Inside the ConfigureServices method from the Startup.cs file, we will introduce the following line:


It doesn’t need to be a singleton, but it will serve well for our purpose.

The Implementation

Now that we have a testable and injectable worker class created and registered, we will move on to making it run in the background.

For this, we will be going into the Program.cs file and change it to the following:

using Microsoft.AspNetCore;
using Microsoft.AspNetCore.Hosting;

namespace AspNetBackgroundWorker
    using System;
    using System.Threading;

    using Microsoft.Extensions.DependencyInjection;

    public class Program
        public static void Main(string[] args)
            // We split up the building of the webHost with running it 
            // so that we can do some additional work before the server actually starts
            var webHost = CreateWebHostBuilder(args).Build(); 

            // We create a dedicated background thread that will be running alongside the web server.
            Thread counterBackgroundWorkerThread = new Thread(CounterHandlerAsync)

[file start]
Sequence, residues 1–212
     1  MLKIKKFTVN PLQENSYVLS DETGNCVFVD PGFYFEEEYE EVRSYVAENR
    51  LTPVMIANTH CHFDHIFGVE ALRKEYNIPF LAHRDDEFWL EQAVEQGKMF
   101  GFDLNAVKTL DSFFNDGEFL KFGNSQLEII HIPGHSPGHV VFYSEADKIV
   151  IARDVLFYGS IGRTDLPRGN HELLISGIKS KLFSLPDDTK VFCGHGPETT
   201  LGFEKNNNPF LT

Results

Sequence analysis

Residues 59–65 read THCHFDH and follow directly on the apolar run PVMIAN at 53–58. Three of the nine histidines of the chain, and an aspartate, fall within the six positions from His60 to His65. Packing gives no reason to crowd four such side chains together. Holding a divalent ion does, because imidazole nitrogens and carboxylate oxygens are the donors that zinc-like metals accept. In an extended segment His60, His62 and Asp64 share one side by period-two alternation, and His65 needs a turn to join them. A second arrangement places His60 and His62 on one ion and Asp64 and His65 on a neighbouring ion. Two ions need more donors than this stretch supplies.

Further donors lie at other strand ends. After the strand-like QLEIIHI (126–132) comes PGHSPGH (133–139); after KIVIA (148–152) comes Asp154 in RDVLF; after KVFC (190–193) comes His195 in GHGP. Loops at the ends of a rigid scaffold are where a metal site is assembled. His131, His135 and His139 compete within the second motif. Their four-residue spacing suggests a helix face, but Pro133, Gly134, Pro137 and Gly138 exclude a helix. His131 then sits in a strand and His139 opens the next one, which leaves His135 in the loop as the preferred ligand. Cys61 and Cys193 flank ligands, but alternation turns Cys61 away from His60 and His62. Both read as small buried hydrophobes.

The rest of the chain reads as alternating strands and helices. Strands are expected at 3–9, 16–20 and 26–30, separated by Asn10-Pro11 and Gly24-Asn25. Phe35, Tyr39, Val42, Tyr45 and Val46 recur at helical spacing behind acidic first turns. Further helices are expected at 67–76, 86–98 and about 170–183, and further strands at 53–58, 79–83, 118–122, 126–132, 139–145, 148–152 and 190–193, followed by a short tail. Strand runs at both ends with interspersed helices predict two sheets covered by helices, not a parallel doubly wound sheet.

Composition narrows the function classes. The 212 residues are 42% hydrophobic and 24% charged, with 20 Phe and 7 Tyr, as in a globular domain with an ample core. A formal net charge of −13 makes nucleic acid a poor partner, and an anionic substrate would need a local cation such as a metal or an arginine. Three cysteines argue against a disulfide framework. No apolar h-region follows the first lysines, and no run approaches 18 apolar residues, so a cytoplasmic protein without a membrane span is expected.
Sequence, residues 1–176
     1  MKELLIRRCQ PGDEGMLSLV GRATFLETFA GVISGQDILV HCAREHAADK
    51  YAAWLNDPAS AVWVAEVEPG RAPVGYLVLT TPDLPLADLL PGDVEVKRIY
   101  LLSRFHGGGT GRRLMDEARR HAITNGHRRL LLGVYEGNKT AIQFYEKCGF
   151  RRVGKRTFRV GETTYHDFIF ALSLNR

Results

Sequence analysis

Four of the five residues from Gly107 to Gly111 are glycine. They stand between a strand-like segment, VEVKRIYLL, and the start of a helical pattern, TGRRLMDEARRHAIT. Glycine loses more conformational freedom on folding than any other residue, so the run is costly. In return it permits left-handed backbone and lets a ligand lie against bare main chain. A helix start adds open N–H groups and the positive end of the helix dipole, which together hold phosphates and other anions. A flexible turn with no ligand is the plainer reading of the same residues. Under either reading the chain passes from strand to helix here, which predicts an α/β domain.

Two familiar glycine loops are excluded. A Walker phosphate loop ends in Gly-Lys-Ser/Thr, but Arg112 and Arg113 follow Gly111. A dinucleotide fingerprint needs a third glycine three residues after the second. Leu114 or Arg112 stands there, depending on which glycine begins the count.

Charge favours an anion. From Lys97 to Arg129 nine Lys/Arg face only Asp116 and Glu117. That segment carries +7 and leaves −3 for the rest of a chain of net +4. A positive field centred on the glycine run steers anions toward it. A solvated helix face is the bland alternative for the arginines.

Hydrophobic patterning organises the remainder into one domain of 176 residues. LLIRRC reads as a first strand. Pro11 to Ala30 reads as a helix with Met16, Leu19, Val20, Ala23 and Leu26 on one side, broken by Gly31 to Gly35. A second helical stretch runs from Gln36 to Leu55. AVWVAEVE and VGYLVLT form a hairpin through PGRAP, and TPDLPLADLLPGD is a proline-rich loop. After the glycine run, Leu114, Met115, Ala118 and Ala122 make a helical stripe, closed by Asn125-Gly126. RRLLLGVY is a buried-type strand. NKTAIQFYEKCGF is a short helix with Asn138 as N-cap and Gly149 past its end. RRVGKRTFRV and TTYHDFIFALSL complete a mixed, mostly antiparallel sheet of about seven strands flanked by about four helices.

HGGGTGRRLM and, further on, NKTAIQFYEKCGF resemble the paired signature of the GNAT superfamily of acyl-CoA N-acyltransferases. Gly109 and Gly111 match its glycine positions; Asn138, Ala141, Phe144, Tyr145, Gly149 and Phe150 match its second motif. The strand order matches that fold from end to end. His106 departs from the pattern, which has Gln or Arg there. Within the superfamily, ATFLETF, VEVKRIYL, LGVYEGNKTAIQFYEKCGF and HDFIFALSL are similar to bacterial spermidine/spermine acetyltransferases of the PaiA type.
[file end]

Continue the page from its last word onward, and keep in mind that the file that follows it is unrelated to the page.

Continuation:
IsBackground = true

            // We start the background thread, providing it with the webHost.Service 
            // so that we can benefit from dependency injection.

            webHost.Run(); // At this point, we're running the server as normal.

        private static void CounterHandlerAsync(object obj)
            // Here we check that the provided parameter is, in fact, an IServiceProvider
            IServiceProvider provider = obj as IServiceProvider 
                                        ?? throw new ArgumentException
            ($"Passed in thread parameter was not of type {nameof(IServiceProvider)}", nameof(obj));

            // Using an infinite loop for this demonstration but it all depends 
            // on the work you want to do.
            while (true)
                // Here we create a new scope for the IServiceProvider 
                // so that we can get already built objects from the Inversion Of Control Container.
                using (IServiceScope scope = provider.CreateScope())
                    // Here we retrieve the singleton instance of the BackgroundWorker.
                    BackgroundWorker backgroundWorker = scope.ServiceProvider.GetRequiredService();

                    // And we execute it, which will log out a number to the console

                // This is only placed here so that the console doesn't get spammed 
                // with too many log lines